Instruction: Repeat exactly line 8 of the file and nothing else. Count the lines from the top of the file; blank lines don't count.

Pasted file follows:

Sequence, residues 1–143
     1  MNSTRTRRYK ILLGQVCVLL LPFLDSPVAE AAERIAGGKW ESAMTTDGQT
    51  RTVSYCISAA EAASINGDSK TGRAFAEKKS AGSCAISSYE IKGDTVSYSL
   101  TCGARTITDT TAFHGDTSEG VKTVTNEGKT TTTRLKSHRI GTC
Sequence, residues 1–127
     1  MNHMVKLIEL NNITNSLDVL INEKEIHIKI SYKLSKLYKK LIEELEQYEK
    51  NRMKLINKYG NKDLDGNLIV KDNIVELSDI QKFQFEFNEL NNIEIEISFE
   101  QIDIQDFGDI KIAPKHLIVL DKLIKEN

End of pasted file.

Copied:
   101  QIDIQDFGDI KIAPKHLIVL DKLIKEN